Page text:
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December 10, 2016
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Long haul flyers

This immature northern goshawk was a rare sight. There were only an average of six per year spotted at Sunrise over the last decade. Our region is at the southern fringe of the goshawk’s breeding range, and this accipiter shown may well breed in the tundra regions.

October 18, 2012

Flocks of high flying geese can be heard and the first hard frost of the season is forecast for tonight as I write this column. Yesterday, on the 11th of October, was a clear day after a frontal passage with northwest to west winds at 10-15 mph, an ideal day to observe migrating hawks and falcons at Sunrise Mtn. in Stokes State Forest in NJ.

As the middle of migration season approaches, more varied raptor species can be seen as they migrate through the area. The September broad-winged hawks are no longer sighted, but species such as the Peregrine Falcon and the Northern Goshawk are making their way through our region. Even the occasional golden eagle can be observed. (A wintering golden eagle captured in our region during 2008 as part of a New York State Department of Environmental Conservation eagle study was tracked for the following three years migrating between our region and her nesting ground in Northern Labrador, 1,280 miles north of Narrowsburg, NY.)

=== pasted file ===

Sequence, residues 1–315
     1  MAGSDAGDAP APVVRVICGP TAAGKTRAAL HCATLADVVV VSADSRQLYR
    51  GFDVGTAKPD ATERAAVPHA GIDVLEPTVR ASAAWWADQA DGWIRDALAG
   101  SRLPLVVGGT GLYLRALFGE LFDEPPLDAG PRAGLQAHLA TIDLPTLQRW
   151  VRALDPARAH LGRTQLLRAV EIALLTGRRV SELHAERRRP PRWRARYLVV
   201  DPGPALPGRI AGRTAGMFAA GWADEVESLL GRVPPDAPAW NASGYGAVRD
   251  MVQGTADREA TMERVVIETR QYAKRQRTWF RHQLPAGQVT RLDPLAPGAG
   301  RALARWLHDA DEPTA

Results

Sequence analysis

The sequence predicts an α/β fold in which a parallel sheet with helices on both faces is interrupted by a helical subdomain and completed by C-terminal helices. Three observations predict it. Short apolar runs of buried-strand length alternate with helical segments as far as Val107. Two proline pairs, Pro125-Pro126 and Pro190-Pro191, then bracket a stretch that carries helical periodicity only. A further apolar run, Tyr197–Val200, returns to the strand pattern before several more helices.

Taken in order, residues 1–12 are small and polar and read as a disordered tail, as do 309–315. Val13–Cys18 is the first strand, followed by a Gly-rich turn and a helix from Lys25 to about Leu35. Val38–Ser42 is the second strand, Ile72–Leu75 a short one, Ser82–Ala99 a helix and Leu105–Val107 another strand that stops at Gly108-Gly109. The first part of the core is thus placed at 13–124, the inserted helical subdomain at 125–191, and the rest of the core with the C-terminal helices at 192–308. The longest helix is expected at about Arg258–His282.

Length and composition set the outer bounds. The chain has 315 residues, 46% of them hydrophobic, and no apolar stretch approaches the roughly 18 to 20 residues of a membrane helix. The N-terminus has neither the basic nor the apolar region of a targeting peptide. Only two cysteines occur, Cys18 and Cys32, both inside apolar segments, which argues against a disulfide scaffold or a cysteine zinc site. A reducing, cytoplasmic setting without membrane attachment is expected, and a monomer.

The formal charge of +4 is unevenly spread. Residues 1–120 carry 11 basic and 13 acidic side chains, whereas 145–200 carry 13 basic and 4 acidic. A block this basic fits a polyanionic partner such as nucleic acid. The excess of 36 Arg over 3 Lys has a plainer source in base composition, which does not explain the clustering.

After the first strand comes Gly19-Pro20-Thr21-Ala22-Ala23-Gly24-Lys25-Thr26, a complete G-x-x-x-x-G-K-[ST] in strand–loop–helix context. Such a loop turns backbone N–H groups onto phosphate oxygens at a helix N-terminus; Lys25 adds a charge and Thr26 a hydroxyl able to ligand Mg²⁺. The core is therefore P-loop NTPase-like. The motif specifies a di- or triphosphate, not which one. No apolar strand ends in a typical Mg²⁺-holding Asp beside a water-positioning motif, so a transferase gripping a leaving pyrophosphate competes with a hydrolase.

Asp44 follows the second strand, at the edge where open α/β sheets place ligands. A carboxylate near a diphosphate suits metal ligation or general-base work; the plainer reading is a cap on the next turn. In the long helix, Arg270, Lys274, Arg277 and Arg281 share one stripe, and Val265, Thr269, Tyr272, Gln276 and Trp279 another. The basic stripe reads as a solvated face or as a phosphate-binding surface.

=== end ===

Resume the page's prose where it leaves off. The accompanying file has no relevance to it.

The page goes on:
Yesterday’s observing session yielded 10 different raptor species for a total of 105 falcons, hawks and eagles. Some of these long haul flyers are heading to warmer climes, but others will winter here, giving us many opportunities through the winter in spotting them.